The Roman emperor Nero supposedly played a fiddle while Rome burned. That legend became an allegory for wildly indifferent or distracted leadership. But Nero wasn't even close to being Rome's most notorious leader. Caligula claims that mantle.
Caligula is remembered as a mad-man, though some of the wildest exploits attributed to him may have been embellished or fabricated after his reign. He canceled some taxes and opened the treasury to throw grand chariot races and other spectacles for the masses. He loathed the patricians and tried to make his horse a senator. He decreed he be treated as a god. He may have had incestuous relationships with his sisters (according to Suetonius). He was known to be cruel and had people killed. He ordered the Roman army to collect sea shells and issued grandiose and absurd decrees on a whim.
With history's vision of him as a monster, Caligula doesn't seem like the easiest character to put onstage for anything other than horrific, darkly comic reasons (or pornographic ones, in the case of Bob Guccione's 1979 film). But French existentialist writer and playwright Albert Camus did. Cripple Creek Theatre Company presents the drama Caligula at Castillo Blanco Art Studios Aug. 11-27.
"The play positions Caligula as a mad outlier to a mad society," says Cripple Creek founder Andrew Vaught. "He does some popular things. There's an antagonism Caligula shows to a broken establishment."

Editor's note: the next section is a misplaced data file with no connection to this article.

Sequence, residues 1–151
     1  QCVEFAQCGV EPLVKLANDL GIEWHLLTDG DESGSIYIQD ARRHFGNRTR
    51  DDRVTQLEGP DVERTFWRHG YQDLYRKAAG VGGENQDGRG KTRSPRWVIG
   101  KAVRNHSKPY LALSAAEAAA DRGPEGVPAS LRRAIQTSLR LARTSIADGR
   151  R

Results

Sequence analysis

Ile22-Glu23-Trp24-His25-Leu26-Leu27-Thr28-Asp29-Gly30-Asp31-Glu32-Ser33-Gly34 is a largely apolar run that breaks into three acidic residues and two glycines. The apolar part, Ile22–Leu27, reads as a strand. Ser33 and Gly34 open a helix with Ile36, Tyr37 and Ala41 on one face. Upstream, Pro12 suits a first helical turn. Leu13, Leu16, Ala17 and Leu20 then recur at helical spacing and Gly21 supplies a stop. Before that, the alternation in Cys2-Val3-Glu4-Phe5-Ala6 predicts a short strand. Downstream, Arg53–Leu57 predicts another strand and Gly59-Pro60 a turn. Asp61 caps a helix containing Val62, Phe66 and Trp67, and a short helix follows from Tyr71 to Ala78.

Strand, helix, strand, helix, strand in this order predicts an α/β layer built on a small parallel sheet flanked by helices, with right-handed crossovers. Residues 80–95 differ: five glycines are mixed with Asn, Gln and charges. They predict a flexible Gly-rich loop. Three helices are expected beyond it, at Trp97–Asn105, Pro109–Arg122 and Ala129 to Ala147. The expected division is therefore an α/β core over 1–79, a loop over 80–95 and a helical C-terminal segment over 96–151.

The play opens days after the death of Caligula's sister Drusilla, and the emperor is distraught (and strangely so, it is suggested). He wanders the streets of Rome and the surrounding countryside for days. The patricians worry whether he'll return and are hesitant to act in the event he does.
Caligula does return, muddy and disheveled. He's had a good look at the people and state of his empire, and he thinks change is necessary. The patricians are accustomed to his autocratic ways, but his latest order catches them by surprise.
The patricians are concerned with the depleted treasury. Caligula decrees that citizens must write wills bequeathing their wealth to the republic. He tells the patricians the government will execute people as money is needed.
"Camus started writing (Caligula) in 1939 and finished it in 1944, as he was in Paris, while it was occupied by the Nazis," says director Emilie Whelan. "He's looking at a Greek form, a Greek narrative, the classic Aristotelian hero's journey, and flipping it on its head. There are opportunities for Caligula to get taken down, and nobody does. The question he's asking is, 'Are we capable of taking down tyrannical power?'"
Cripple Creek previously delved into French absurdist drama with Alfred Jarry's Ubu Roi, which the company staged during Carnival over the last few years. Its main character is a violent king, depicted as vulgar, gluttonous, stupid and infantile in his view of the world. (The first play provoked a riot in the theater when it premiered in 1896.)
While those works' obscene premises and plotlines were perfect for Carnival audiences, Caligula is not a farce or comedy. Cripple Creek has added a familiar rock tune and a few original songs and choral music by Tucker Fuller. There's some nudity in the show.
"Anarchy lives behind the whole show," Whelan says. "How far does our leader have to flip the table for us to do something? If we say, 'Oh my God, it's getting so much worse,' how can we do something?"